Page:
Against the backdrop of the long hot summers of the mid-1960s, Martin Luther King Jr. and the Southern Christian Leadership Conference went to Chicago in an attempt to apply southern movement tactics to the urban north. Their strategies were tested as they came up against the powerful political machinery of Mayor Richard Daley. A year later, in Detroit, frustration and anger built to urban violence as blacks and law officers clashed on city streets and America appeared to be a nation out of control.
Saturday, March 15, 2014
125 feet tall, more than 2,000 feet in length and speeds over 65 miles per hour! The first custom made roller coaster in Coney Island since the Coney Island Cyclone Roller Coaster in 1927!
Friday, March 14, 2014
from our friends at Dangerous Minds
This looks fun as shit! The ramp is beautifully constructed, too. My only complaint is you’d have to have a lot of back-up boards handy as losing them in the water would be a bitch to retrieve every damned time.
As others point out in the YouTube comments, this isn’t the first floating ramp. Volcom made a floating mini-ramp three years ago and put in the ocean.
Thursday, March 13, 2014
Editor's note: since the team here at Thrillist mostly subsists on In-N-Out, fried chicken, and other foods that will make the future heart surgeons of America very wealthy, we asked comedian and vegan Myq Kaplan (he even has comedy albums named Vegan Mind Meld and Meat Robot!) to talk about the stupid things people say when you tell them you're vegan (or even vegetarian), and what he says in response:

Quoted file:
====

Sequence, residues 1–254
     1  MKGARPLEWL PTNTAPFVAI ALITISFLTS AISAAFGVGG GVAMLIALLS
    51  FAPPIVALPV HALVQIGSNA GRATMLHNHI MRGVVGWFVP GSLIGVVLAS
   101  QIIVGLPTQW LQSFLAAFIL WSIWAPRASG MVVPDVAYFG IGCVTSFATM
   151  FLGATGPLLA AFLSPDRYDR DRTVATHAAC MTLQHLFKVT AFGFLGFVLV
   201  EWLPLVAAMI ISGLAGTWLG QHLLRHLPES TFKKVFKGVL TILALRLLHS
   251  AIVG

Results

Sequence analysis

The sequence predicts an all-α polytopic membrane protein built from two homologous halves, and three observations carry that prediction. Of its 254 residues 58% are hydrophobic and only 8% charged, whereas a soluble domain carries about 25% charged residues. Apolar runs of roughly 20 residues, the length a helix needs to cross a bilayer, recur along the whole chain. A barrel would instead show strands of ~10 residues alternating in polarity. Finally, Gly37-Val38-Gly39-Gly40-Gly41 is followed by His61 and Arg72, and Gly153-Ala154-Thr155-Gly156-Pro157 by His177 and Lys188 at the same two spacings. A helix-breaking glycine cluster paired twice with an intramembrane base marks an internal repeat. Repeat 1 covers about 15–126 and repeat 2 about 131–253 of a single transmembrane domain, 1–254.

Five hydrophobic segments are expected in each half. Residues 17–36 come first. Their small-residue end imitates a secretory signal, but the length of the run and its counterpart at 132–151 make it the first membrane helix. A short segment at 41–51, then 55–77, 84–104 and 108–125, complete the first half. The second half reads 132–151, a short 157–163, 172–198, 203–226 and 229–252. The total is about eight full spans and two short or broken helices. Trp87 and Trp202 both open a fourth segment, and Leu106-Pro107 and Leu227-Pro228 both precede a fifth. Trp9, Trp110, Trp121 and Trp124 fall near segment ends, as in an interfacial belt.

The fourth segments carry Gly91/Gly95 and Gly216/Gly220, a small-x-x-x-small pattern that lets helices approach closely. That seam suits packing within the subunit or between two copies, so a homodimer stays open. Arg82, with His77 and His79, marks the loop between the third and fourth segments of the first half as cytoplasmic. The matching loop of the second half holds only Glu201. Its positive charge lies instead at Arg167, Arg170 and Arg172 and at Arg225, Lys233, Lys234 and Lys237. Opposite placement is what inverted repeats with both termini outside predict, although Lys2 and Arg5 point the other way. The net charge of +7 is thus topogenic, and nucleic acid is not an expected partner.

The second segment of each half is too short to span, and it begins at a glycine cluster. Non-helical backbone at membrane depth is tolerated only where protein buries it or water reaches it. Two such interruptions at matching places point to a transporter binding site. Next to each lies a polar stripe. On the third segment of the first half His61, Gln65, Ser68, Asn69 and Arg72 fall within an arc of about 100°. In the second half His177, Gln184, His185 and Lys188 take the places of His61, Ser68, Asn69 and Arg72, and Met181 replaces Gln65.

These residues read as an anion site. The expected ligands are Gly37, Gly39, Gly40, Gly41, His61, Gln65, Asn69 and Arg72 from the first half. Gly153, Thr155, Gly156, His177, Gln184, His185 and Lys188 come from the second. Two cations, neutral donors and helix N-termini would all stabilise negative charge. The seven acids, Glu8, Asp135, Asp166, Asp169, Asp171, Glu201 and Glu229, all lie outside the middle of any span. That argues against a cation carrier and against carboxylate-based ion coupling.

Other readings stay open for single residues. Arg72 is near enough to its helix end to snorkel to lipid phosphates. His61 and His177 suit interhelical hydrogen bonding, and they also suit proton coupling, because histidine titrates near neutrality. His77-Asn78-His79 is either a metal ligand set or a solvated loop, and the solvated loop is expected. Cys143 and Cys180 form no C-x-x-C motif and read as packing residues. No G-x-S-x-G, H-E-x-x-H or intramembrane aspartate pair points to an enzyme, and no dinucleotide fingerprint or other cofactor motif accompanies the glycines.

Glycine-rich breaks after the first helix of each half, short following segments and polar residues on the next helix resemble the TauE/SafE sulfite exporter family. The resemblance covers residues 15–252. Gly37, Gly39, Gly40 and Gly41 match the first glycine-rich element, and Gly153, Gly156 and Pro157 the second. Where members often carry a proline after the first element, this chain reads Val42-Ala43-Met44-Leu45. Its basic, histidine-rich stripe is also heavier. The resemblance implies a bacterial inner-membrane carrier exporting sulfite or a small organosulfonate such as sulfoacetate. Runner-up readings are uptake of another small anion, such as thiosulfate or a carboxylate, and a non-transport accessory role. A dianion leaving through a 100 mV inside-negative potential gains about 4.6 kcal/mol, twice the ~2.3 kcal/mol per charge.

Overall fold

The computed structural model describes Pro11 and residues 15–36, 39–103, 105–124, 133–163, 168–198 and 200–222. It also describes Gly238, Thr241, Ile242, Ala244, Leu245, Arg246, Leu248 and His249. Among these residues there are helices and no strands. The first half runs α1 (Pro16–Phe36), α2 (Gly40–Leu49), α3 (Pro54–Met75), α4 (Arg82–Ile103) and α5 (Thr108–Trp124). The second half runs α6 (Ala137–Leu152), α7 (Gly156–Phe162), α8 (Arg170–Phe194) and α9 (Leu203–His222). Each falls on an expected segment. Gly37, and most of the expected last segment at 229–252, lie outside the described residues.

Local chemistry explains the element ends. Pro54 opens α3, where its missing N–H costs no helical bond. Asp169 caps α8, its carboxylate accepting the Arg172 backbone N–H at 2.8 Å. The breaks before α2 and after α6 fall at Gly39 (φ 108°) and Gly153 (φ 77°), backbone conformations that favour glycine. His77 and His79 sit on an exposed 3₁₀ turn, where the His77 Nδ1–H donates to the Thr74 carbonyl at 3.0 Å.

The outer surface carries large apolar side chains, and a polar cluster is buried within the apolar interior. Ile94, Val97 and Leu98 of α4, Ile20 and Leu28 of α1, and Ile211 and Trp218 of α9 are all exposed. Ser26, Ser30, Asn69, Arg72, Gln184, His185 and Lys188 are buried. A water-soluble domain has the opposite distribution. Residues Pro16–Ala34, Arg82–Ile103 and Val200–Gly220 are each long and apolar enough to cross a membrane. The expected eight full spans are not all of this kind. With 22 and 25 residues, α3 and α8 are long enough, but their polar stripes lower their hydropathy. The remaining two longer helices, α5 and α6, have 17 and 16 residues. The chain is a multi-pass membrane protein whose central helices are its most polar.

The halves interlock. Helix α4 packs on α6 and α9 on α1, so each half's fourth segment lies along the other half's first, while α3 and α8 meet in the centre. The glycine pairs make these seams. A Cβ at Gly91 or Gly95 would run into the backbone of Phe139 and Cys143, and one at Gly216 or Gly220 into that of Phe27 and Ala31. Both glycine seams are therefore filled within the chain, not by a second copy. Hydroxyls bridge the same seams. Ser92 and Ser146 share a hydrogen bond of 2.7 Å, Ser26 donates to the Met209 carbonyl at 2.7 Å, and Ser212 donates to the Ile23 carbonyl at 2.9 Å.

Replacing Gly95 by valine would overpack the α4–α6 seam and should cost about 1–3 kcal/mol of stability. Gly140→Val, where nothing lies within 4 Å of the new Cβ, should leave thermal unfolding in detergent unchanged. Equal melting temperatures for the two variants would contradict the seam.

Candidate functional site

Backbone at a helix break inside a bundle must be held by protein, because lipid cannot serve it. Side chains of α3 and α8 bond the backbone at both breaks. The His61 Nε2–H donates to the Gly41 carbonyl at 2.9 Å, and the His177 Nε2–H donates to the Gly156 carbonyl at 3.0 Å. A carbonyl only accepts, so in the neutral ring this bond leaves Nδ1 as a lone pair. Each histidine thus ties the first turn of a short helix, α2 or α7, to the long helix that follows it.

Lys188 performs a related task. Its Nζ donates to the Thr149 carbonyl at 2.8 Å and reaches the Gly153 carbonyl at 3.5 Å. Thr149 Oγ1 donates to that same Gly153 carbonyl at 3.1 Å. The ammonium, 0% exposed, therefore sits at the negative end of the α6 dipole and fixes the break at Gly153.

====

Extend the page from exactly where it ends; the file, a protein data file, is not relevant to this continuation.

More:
Do you mind if people eat meat in front of you?
"I don't! I mind factory farming, but if you're eating a meat sandwich (it's been a while, that's what carnivores eat, right? Meat sandwiches?), whether you're doing it across from me, in my peripheral vision, or sneakily behind my back, it's having the same effect on the world, so where you're eating it doesn't affect me. Unless you're trying to make me feel bad specifically by eating meat at me, if that's a thing, in which case I would mind that you're a jerk."
So, you'll eat at a non-vegetarian restaurant?
"Sure! These days, more and more restaurants have vegetarian options, and I like to support them and order those things, because I feel as though my adding to the demand for those items might lead to there being even more of them, especially in aggregate with the demand for those items by other like-minded people. This one's not a joke! Just a real thought. Sometimes that's what life's about. Having real thoughts and sharing them. Ahh. Feels good."
I could never give up cheese.
"No one's asking you to! I mean, a lot of times in life, we humans strive to better ourselves by rising up to face challenges, stretching ourselves to the limits of our comfort zones, and becoming the best that we can be. So, it sounds like a pretty pessimistic attitude to just start off assuming that you are too weak to defeat a desire for cheese. I believe in you more than that! Or maybe I'm just more strong-willed than you AND more strong-willed than cheese. Maybe it's the cheese that's MAKING you weak. It's a vicious circle. You're trapped in the Cheese Matrix."
It must be hard limiting your diet.